Should cultural symbols be banned from festivals?
“Seeing people who aren’t from that culture dressed in that way, embracing it and understanding it from the food, to the language, to the music. That for me is a truer expression than putting a bindi on at a festival because you think it looks cool.”
What is culture and cultural appropriation?
According to the Cambridge dictionary the term culture means ‘the way of life, especially the general customs and beliefs, of a particular group of people at a particular time’. But doesn’t that mean that culture changes if that group of people mixes with another and when time progresses? In this case, is mixing cultures wrong or it could lead to fair exchange and the occurrence of a new one?
Fashion designers have been faced with backlash over cultural appropriation numerous times in the past few years. Dior has used Jennifer Lawrence for a campaign that has been inspired by Mexican heritage, Vogue has presented the top model Kendal Jenner with an afro hairstyle and the list goes on. But the festival scene is different, because a festival provides a safe space to be creative with one’s image and to wear and explore something new.
Nevertheless, festival goers have been publicly shamed for insensitive cultural appropriation. So much so, that some festivals have banned certain cultural symbols such as the American Indian headdresses at Glastonbury, bindis (a coloured dot worn on the centre of the forehead) and braids at Coachella. Festivalgoers would need to reconsider their look if they have chosen to integrate some of those symbols.
Cultural symbols out of context
But why is this the case, why some cultures get more offended than others when an outsider wears a piece of their heritage? Well, the problem is when a person at a festival decides to wear for example braids for a day and this is considered beautiful and creative by society. The situation with black people is different though: often wearing braids is their only choice, otherwise they risk not being accepted from society. There are still schools that ban black people to wear their natural afro hair and in some companies this hairstyle is considered inappropriate.
Some cultural symbols need to be rightfully obtained, for example the headdress is a spiritual item reserved for elders and even native Americans cannot wear it, unless they spend their life trying to earn it. So, imagine the surprise of native Americans when they see pictures of bad imitations on Instagram, when their symbol of strength and bravery is used as a fashion accessory. This can be compared to wearing a jacket with military medals as a fashion statement without having earned them.
Wearing those symbols on festivals and later posting pictures on social media platforms highlights the inequalities between privileged people who can get away with having these symbols for a day to have fun and people representing those cultures who are getting judged for their skin or heritage traits.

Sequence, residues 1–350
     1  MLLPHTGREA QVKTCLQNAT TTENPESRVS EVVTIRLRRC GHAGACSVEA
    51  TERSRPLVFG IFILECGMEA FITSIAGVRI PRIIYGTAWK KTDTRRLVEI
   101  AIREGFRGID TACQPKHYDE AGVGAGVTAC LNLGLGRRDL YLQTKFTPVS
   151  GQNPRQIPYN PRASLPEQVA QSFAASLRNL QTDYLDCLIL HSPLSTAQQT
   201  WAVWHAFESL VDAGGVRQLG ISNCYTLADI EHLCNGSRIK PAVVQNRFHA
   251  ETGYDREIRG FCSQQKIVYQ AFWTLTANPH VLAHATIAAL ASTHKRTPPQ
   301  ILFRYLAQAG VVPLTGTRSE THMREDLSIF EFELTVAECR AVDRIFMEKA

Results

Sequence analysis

Although many people rightfully feel culturally appropriated, we live in an oversensitive society. Often there are cases of cultural appropriation shaming, which are coming not from the culture in question but from people outside of this community. There have been public meltdowns after Katy Perry’s kimono at the American Music Awards and Karlie Kloss’s Japan-Themed Vogue Shoot, however the people who reacted abruptly were actually not the Japanese but white Americans.
The power of music festivals
Music festivals have the enormous power to challenge what is accepted and to make societal changes. So, by embracing other people’s cultures we can switch from appropriation to appreciation. It wouldn’t be easy but there is a way to do it. Appropriation may be defined as ignorance, while appreciation is linked with understanding of the particular culture. The main concern of people who feel their culture has been appropriated is when no credit is given back to the culture from where this symbol has been taken from.
Banning those symbols can be considered as a form of censorship, but the debate goes further than that. Culture is always a part of context and when a particular symbol is taken out of this context it diminishes its value, whilst simultaneously erasing its cultural significance. Meanings depend on respecting the views of those concerned, so what matters is the subject of appropriation – the person whose traditions are being used.
The most sensitive cultural symbols need to be prohibited at music festivals, but not all symbols are that obvious, for example some patterns are derive from movements or tribes. In this case, the best way for a festival goer to proceed is to try and educate themselves. This can be achieved with asking questions to the vendor of clothing/ accessory or a simple Google search can show an item’s origin. Then it is up to the individual to decide of it is appropriate to incorporate this symbol into their festival outfit and how to show appreciation for this culture, rather than appropriate it.
What can event manager do?
What festival event managers can do is to familiarise their customers with this sensitive topic. This can be part of the pre-event production and it can be incorporated into the purchasing process and information about cultural appropriation can be its own section on the website. This information page can include trends that may be considered offensive and most importantly explain why this particular symbol is important and the reason why it may be inappropriate to wear it as a fashion fad.